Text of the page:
Mount Kenya Flora and Fauna
At 5,199m high, Mt. Kenya is East Africa’s second highest mountain. It offers easy or challenging ascents with superb scenic beauty. The park covers an area of 715 square km around the top of the mountain
To the Kikuyu tribes people it is the home of the supreme being: Ngai, a name also used by the Maasai and Kamba tribes. In traditional prayers and sacrifices, Ngai is addressed by the Kikuyu as Mwene Nyaga: Possessor of Brightness. The names comes from Kere Nyaga the Kikuyu name for Mt. Kenya, meaning Mountain of Brightness – Ngai’s official home.
Part of the mountain’s fascination is the variation in flora, including Giant Groundsel and Lobelia, and fauna as the altitude changes. The lower slopes are covered with dry upland forest, the true montaine (mountain) forest begins at 2,000m and is mainly cedar and podo. At 2,500m begins a dense belt of bamboo forest which merges into the upper forest of smaller trees, interspersed with glades. In this area the trees are festooned with high altitude lichen.
These forest belts are host to many different animals and plants with at least 11 unique species. Game to view includes: Black and White Colobus and Sykes Monkeys, bushbuck, Rock and rock hyrax, buffalo, elephant and lower down Olive Baboon, waterbuck, Black Rhino, black fronted duikers, leopard, giant forest hog, genet cat, bush pig and hyena. More elusive is the bongo, a rare type of forest antelope.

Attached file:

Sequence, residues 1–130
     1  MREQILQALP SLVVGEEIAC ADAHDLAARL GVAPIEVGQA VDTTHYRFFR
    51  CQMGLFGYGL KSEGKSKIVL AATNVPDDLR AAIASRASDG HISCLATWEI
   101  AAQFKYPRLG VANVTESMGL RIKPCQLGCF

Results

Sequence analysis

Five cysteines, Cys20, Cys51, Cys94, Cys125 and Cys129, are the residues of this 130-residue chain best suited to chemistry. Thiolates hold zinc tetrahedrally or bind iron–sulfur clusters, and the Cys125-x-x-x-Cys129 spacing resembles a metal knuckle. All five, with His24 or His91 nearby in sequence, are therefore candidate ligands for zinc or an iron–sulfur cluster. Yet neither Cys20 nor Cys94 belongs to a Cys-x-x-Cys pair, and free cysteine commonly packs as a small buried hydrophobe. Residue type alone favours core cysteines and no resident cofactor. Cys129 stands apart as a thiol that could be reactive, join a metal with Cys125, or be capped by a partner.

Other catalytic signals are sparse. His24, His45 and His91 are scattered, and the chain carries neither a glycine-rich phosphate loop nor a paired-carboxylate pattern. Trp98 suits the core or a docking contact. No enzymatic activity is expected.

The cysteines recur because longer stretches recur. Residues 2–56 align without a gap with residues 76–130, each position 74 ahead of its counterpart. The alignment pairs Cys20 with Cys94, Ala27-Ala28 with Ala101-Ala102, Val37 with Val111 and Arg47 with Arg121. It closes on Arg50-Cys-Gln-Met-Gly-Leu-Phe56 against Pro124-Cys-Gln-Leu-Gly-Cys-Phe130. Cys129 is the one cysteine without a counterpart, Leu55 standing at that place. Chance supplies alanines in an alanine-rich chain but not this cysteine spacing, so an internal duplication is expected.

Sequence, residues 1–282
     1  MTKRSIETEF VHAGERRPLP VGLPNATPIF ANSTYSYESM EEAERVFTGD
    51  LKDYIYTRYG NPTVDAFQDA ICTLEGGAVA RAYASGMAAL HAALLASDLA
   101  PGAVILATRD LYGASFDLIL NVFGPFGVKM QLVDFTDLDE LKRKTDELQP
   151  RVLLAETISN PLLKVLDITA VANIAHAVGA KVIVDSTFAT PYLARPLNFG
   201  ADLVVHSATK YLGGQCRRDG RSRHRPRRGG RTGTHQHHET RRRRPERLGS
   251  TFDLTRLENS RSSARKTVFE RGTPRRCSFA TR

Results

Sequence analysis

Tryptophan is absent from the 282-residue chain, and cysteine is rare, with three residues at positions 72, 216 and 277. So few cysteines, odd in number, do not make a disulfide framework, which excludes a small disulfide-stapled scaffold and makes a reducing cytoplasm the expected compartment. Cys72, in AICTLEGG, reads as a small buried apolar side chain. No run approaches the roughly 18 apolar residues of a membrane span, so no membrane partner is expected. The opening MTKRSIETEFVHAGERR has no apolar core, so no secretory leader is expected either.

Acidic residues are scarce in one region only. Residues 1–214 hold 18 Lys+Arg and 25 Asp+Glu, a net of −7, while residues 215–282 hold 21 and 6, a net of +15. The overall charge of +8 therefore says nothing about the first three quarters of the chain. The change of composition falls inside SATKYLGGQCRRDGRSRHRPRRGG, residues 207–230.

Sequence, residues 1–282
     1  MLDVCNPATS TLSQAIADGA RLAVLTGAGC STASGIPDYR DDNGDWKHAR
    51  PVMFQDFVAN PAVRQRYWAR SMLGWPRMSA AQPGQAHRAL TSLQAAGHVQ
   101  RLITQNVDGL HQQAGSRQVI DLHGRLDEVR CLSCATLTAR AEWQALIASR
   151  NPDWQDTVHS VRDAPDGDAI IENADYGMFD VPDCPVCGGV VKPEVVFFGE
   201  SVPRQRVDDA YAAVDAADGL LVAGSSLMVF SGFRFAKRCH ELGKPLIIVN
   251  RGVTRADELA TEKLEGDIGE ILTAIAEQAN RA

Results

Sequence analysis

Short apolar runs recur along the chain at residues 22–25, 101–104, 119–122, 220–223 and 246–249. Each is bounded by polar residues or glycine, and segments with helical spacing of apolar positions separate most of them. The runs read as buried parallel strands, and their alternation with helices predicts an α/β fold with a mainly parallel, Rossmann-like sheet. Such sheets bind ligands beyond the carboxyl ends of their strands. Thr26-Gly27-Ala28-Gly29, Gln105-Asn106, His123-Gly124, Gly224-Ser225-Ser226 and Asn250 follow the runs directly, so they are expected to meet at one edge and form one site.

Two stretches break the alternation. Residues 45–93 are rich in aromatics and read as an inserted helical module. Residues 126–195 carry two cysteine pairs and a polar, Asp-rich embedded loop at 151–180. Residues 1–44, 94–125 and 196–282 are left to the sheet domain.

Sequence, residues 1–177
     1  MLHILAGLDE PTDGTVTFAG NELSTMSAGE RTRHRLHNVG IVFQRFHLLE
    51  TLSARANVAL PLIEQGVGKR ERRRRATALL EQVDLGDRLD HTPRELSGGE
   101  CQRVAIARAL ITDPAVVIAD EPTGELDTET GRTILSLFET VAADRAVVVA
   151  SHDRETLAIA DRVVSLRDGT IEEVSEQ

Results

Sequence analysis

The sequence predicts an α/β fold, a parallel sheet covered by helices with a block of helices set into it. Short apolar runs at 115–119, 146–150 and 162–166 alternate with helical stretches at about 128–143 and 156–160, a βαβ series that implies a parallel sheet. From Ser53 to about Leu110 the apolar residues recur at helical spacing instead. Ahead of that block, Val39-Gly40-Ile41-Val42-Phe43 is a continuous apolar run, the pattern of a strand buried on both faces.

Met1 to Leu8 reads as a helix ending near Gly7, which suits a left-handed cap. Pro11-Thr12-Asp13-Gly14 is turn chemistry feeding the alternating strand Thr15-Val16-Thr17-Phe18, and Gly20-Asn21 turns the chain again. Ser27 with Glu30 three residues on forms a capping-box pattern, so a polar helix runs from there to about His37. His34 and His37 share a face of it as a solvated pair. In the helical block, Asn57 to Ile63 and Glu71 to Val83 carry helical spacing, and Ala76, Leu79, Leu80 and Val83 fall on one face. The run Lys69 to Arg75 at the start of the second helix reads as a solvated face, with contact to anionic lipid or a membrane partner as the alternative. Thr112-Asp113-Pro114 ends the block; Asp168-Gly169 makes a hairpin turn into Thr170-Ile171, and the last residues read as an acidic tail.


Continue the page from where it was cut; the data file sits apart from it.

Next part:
A number of other rarer species can be found here: Suni Antelope, Mt. Kenya Mole Rat, skinks (lizard), Montane Viper and a variety of owls. Occasional sightings have been recorded of Albino zebra.
Birds are not abundant in the forest. But you can find Crowned hawk eagle and the Jackson’s francolin. Also sppoteed have been the Abyssinian long-eared owl, Green ibis, African black duck, Ayres’ hawk eagle, Rufous-breasted and great sparrow hawks, Scaly francolin, Silvery-cheeked hornbill, Hartlaubs turaco, red headed parrot, bronze-naped pigeon, Mackinder’s eagle owl, Rupells robin chat.
There are two species of giant Lobelias; the narrow, featherly-leafed lobelia telekii and the broad-leafed lobelia keniensis which are a favourite of sunbirds for their half hidden blossoms or the thin shelled snails that make their home there. Plants also include crocus-like flower; Romuela keniensis, two terrestrial orchids – a Disa and a Habenaria, and an orange flowered gladiolus,Gladiolus Watsonioides.
The high altitude heath at the top (3,000 – 3,5000m) is generally open, dotted with shrubs: African Sage, protea and helichrysum. The peak (above 3,500m) is moorland, with little game other than high altitude zebra and eland, common in the northern moorland.